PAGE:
The opinion of the court was delivered by: WEBER
This matter is a negligence action arising out of a motor vehicle accident. Certain issues have been raised by counsel for both parties which the court has ordered briefed. Those questions are: a) the applicability of Pennsylvania No-Fault Insurance, b) the existence of subrogation rights and the joinder of any real parties in interest under Fed.R.Civ.P. 17(a) and c) the deductibility of any workmen's compensation award from damages received in this action. We herein address these matters in the order stated above.
Plaintiff and his wife are residents of Ohio, a state which does not have a no-fault statute. The defendant is a resident of Pennsylvania. On August 20, 1979, plaintiff was driving a semi-truck on U.S. Route 30 in Jenner Township, Somerset County, Pennsylvania, when he collided with a vehicle operated by the defendant. Plaintiff has recovered workmen's compensation benefits from his employer's insurer under Ohio law for his injuries sustained in the collision.
Plaintiff instituted this suit for damages including wage loss and medical costs as a result of defendant's negligence. By Amended Answer, defendant contends that a portion of the damages claimed by the plaintiff in this suit must be recovered from some other party's insurer under the No-Fault Act. Plaintiff contends that the provisions of the Pennsylvania No-Fault Act do not apply to him as a non-resident victim, and if they do apply, he may waive any remedy thereunder and pursue a common law tort claim under the law of Ohio to recover the entire amount of damages. The holding in Toter is in accord with the plaintiff's position, and he may therefore forego the prescribed No-Fault remedies and maintain a tort claim for the full amount of his damages.
In Toter, a New Jersey resident was involved with a Pennsylvania resident in a motor vehicle accident in this state. Plaintiff alleged medical expenses exceeding $ 200, the applicable threshold figure in New Jersey's No-Fault statute. N.J.S.A. § 39:6A-8 (1973). Under that section a victim may only sue in tort for amounts in excess of the threshold figure.
The Pennsylvania No-Fault Act has a similar but distinctive provision in 40 Pa.Stat.Ann. § 1009.301(a). That section abolishes tort liability in Pennsylvania with specific exceptions. Section 1009.301(a)(5) permits suit in tort for medical expenses in excess of $ 750, a higher threshold than that provided in the New Jersey statute.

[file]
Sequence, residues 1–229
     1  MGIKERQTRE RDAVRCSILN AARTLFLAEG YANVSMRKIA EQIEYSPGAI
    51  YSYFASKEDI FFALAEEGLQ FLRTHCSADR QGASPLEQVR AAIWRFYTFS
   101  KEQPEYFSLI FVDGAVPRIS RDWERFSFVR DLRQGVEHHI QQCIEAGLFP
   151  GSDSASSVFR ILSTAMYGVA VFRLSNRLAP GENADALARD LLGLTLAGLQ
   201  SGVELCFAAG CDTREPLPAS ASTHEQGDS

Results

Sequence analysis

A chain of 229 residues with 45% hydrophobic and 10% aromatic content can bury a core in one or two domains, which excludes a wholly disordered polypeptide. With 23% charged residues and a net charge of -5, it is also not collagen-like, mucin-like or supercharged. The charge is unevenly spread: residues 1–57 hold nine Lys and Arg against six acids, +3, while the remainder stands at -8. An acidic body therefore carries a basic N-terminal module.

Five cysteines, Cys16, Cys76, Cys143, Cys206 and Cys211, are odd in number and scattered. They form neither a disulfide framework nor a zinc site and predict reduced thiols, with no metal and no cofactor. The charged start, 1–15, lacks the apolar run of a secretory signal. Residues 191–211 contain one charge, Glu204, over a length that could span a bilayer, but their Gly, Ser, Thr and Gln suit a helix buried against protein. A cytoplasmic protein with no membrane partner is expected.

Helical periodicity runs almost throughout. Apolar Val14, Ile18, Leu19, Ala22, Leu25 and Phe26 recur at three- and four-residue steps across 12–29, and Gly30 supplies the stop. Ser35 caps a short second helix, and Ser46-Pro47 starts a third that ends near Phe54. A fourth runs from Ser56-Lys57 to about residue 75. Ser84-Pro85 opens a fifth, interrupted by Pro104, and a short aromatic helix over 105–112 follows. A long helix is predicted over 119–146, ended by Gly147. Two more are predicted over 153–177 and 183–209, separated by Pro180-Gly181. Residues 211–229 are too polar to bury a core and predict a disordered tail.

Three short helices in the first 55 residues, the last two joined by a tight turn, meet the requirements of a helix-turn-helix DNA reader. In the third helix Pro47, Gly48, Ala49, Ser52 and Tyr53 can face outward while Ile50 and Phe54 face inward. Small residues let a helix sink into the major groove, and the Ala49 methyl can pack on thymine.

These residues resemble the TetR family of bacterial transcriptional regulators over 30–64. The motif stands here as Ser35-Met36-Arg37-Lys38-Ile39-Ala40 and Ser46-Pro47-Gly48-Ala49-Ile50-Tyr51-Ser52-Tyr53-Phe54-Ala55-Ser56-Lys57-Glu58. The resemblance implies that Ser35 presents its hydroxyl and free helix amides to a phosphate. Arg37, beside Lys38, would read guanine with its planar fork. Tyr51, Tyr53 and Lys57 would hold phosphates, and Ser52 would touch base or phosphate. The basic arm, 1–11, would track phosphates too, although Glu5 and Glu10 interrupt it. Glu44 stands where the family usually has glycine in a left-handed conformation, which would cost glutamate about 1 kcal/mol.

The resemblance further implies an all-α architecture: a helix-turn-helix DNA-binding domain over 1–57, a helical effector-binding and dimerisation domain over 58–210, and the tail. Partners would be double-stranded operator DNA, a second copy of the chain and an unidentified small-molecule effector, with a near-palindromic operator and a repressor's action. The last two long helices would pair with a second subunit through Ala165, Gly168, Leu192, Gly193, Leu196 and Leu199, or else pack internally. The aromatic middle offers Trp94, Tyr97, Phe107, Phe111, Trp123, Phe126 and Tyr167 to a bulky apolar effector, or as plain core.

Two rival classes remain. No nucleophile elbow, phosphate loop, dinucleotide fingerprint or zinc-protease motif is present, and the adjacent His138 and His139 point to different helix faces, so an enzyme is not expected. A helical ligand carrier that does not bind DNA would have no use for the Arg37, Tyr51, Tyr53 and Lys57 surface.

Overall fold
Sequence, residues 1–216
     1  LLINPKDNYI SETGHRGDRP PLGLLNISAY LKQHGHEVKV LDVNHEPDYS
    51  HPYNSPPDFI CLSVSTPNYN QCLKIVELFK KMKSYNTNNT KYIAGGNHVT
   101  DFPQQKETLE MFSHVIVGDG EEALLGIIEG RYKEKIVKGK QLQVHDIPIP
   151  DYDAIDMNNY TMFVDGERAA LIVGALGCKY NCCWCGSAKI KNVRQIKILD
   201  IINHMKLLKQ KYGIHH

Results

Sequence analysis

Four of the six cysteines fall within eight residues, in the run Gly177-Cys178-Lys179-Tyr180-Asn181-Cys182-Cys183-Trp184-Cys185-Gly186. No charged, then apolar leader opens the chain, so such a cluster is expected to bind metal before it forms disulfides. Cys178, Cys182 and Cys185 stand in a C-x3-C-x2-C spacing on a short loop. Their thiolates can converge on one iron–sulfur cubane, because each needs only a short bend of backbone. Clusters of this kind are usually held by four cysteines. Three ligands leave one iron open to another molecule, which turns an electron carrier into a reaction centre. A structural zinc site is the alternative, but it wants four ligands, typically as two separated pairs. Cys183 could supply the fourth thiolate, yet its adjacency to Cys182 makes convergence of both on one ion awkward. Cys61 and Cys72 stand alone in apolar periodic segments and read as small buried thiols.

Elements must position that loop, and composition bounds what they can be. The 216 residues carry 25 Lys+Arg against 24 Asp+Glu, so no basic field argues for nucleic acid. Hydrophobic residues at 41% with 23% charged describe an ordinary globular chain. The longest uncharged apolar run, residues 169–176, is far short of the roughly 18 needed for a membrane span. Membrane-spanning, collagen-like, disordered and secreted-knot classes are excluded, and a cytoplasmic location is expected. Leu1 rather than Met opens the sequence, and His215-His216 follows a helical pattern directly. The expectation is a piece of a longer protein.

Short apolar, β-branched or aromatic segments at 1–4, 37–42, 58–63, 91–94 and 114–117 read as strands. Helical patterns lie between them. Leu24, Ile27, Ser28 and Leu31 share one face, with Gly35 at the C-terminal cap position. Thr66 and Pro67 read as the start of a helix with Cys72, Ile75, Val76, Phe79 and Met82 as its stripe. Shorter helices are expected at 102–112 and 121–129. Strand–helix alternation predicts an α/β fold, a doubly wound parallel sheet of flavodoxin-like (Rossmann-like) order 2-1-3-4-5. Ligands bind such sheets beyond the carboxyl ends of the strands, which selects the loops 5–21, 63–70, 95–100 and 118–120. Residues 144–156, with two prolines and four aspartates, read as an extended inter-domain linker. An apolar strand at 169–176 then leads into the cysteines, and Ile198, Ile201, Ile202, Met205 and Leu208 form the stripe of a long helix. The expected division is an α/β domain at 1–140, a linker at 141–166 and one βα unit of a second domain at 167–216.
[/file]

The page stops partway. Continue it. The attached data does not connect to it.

The plaintiff in Toter alleged medical expenses in excess of $ 200, the New Jersey threshold, but did not allege in excess of the $ 750 Pennsylvania threshold. The state trial court granted defendant's preliminary objections, believing § 1009.301(a) had abolished tort liability below the Pennsylvania Act's threshold amount in all instances. The Superior Court reversed, deciding that a non-resident plaintiff is accorded by § 1009.110(c)(2) the same rights to sue in tort as he enjoys in the state of his domicile, and that a non-resident's right to sue in tort is in no way abolished or limited by the provisions of § 1009.301(a).
In the instant case, plaintiff asserts his right to sue the defendant in tort for the full extent of his damages under § 1009.110(c)(2) which states in pertinent part:
(2) The right of a victim...to sue in tort shall be determined by the law of the state of domicile of such victim.
On the face of it, and without referring to § 1009.301(a), "Tort Liability: Partial Abolition", the above quoted section would appear to reserve to non-residents the same right to sue in tort as they enjoy in their home states irrespective of the application of other provisions of the Pennsylvania No-Fault Act. See also, Dubose v. McCoy, 277 Pa.Super. 149, 419 A.2d 705 (1980); Flowers v. Smith, 12 Pa.D.&C.3d 434 (1979). This is the holding of Toter, and we will therefor permit plaintiff in this case to proceed with his tort action for all items of damages without referring him to no-fault insurers for the threshold amounts.
While we apply here the rule espoused in Toter, we find the arguments of the dissent in that decision attractive in their application to the facts of this case. That dissent places special emphasis on an integral portion of the No-Fault Act, § 1009.301(a), which states in part:
(a) Partial abolition.-Tort liability is abolished with respect to any injury that takes place in this state in accordance with the provisions of this act if such injury arises out of the ...